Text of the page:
During her senior year at the University of Kentucky in 1990, Ashley Judd was accepted by the Peace Corps, but at the last minute she decided to pursue acting instead. She painted “Hollywood or Bust, Cecil B. DeMille, here I come!” and “I am ready for my close-up” on her car, hitched a U-Haul to the back and headed west. Twelve years later, she was successful in films and newly wed to race-car driver Dario Franchitti. Yet what should have been the happiest time of her life was marred by a deep depression—one that lasted until Judd reconnected with her passion for social justice and confronted, finally, the lingering effects of a traumatic childhood. The chaos leading up to that turning point, and the remarkable course correction that followed, are the subject of Judd’s ferociously frank and insightful new memoir, All That Is Bitter & Sweet, written with Maryanne Vollers.
In the book, Judd deals unflinchingly with the addictions that plagued generations of her family; she also details her own painful early life. During what she calls “the vagabond years,” she was bounced from place to place, often fending for herself, in despair at feeling shut out of the intense bond that joined her mother and sister, Naomi and Wynonna, who eventually became country music superstars. “Of course, I loved my mother,” she writes, “but at the same time I dreaded the mayhem and uncertainty that followed her everywhere . . . I never knew what to expect next, whether I’d be tucked in by her, left alone to do the task myself, or left with a complete stranger.” She also reveals incidents of sexual abuse—by non–family members—beginning when she was a young child, and her rape, at 15, when she was off on her own, modeling in Japan.
Today, after taking a year off to earn a master’s degree in public administration at Harvard’s Kennedy School of Government (she graduated with a near-straight-A average), Judd continues to pursue challenging onscreen roles: She will be seen in September’s Dolphin Tale, with her friend and frequent costar Morgan Freeman, and this summer begins filming the ABC drama Missing, in which she stars as a former CIA agent searching overseas for her son, who has disappeared. For all her career success, however, Judd finds her greatest satisfaction in the work she does to improve the health and safety of oppressed women.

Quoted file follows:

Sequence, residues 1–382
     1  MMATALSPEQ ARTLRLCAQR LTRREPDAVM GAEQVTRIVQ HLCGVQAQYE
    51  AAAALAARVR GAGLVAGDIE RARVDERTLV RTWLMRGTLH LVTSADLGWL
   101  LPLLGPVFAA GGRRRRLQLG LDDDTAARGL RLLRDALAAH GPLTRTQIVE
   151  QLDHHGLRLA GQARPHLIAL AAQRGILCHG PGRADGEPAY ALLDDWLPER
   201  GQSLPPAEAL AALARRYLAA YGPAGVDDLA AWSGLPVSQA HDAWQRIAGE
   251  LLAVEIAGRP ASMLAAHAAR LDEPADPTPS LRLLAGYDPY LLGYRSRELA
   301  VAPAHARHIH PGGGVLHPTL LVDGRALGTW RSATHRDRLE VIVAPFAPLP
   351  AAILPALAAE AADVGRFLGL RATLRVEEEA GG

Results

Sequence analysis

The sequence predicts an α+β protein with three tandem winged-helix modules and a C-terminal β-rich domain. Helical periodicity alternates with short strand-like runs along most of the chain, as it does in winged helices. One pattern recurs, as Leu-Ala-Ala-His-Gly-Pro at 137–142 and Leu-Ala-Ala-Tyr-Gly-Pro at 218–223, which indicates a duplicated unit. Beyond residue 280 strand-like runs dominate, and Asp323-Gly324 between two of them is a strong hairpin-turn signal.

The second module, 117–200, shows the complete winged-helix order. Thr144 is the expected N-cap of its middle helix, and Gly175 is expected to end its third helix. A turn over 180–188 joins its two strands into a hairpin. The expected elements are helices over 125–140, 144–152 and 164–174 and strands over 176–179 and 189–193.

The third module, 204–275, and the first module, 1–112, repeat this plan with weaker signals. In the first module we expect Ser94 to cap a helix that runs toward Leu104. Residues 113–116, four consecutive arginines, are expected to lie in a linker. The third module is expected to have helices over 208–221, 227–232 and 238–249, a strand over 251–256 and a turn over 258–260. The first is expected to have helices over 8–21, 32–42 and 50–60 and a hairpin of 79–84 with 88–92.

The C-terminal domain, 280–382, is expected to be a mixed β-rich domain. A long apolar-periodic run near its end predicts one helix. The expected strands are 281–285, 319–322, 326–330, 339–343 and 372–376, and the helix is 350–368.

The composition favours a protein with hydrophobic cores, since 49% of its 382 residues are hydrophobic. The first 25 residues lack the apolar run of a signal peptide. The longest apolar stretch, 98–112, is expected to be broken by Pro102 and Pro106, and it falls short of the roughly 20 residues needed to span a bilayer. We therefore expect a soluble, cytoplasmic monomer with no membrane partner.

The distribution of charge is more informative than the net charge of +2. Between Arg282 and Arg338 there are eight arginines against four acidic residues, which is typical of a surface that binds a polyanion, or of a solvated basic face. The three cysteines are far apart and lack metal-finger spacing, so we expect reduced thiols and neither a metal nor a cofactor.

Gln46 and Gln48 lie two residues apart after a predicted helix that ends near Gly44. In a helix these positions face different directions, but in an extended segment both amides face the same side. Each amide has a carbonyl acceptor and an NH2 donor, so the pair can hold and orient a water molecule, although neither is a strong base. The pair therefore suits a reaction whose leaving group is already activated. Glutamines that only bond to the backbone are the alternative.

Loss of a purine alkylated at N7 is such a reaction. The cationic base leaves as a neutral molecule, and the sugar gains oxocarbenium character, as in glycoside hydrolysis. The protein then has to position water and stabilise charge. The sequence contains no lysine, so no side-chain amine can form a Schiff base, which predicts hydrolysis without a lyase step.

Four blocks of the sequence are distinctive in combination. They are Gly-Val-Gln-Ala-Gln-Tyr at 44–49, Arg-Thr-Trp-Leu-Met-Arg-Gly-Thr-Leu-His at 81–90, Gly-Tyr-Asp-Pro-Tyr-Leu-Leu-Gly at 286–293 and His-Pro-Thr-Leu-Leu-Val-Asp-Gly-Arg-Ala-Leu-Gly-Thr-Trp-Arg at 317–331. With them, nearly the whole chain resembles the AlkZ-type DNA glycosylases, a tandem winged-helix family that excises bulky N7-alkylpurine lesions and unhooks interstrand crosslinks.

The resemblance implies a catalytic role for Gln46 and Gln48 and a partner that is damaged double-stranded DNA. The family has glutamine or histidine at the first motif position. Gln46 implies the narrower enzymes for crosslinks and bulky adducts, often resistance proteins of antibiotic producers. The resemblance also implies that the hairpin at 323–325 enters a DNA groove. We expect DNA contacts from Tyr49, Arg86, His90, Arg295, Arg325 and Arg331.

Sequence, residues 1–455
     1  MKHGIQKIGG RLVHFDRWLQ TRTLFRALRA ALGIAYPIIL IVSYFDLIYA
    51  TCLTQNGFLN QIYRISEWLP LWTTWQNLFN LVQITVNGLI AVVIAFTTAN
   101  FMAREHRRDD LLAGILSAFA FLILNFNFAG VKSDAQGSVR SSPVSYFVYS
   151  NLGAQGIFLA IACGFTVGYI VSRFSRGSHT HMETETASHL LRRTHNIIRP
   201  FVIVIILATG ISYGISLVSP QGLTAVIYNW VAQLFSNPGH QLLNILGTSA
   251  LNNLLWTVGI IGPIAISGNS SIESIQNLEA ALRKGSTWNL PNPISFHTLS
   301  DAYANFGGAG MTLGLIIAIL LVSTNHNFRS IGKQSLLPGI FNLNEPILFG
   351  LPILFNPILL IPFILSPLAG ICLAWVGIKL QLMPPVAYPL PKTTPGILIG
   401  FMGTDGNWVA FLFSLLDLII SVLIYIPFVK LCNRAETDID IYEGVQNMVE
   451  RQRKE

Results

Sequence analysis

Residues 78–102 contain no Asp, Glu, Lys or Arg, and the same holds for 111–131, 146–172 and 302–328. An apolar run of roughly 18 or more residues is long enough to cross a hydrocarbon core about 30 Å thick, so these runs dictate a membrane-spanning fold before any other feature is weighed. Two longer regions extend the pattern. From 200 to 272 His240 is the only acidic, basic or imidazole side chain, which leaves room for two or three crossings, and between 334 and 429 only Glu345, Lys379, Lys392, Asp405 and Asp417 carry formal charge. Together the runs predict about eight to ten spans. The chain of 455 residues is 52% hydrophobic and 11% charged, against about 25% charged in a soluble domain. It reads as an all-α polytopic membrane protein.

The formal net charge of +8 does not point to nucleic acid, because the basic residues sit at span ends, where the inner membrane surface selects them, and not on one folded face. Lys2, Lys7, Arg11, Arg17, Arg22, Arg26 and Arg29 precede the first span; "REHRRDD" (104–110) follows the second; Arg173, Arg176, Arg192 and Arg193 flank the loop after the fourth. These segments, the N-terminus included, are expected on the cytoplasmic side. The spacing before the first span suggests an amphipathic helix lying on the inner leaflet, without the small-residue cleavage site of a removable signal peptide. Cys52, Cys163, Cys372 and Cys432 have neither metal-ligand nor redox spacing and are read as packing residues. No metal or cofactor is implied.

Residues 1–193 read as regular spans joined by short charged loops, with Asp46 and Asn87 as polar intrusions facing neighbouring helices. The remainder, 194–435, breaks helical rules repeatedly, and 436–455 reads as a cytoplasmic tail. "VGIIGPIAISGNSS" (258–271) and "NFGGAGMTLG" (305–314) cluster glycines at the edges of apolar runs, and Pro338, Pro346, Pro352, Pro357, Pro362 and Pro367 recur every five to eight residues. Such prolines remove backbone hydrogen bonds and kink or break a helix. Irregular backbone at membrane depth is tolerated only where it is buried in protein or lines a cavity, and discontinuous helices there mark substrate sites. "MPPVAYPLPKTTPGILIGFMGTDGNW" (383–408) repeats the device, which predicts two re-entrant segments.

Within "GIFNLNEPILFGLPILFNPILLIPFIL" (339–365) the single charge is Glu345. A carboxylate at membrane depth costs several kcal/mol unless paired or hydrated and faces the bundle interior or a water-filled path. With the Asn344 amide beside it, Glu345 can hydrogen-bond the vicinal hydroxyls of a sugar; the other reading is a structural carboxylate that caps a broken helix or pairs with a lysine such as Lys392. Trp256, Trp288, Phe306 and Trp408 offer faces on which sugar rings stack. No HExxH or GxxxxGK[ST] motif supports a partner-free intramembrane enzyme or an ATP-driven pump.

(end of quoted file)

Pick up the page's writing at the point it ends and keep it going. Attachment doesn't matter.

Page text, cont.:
Growing up in a musical family, Judd was mocked for her off-key singing. But in the past decade, she has found her own voice. Here she tells her remarkable story.
Kiwanja Internally Displaced Persons Camp, Democratic Republic of Congo. September 2010. A patch of scorched earth carved out of the forest; dried mud ribbed with ditches; tiny dwellings fashioned from plastic, sticks, fabric, thatching. The residents are mostly women and children, victims of a relentless civil war. Everyone is dead-tired and dirty. The scene offers snapshots of the horrors of eastern DRC: displacement, malaria, AIDS, malnutrition and an epidemic of extreme violence and rape that defies the imagination.
The camp is a small oasis of security, if not hope, for a handful of Congolese. I spot a small, sweaty child named Durika wearing a piece of black garbage bag. She extends her arms to me, and I scoop her up. She is limp and frail. I rock her and sing to her, pour water in my hand and wipe her face; she is blazing hot. Her mama, Angel, lives in a minuscule, tidy makeshift shelter, the only home she and her seven children have known for the past two years. When I ask where they sleep, she gestures to the bare dirt floor. She tells me she was gang-raped by soldiers, more than once; she fled to the forest and then to this camp after her mother, father and husband were all murdered by rebels. While we visit, she nurses a toddler named Naomi. I tell her that’s a lovely name, my mother’s name. Angel has a beautiful, soft presence. She tells her story gently. She confides that she doesn’t usually let on that the baby was conceived in rape; she does not want Naomi to be stigmatized. This child is as cherished as her babies conceived in love, she tells me.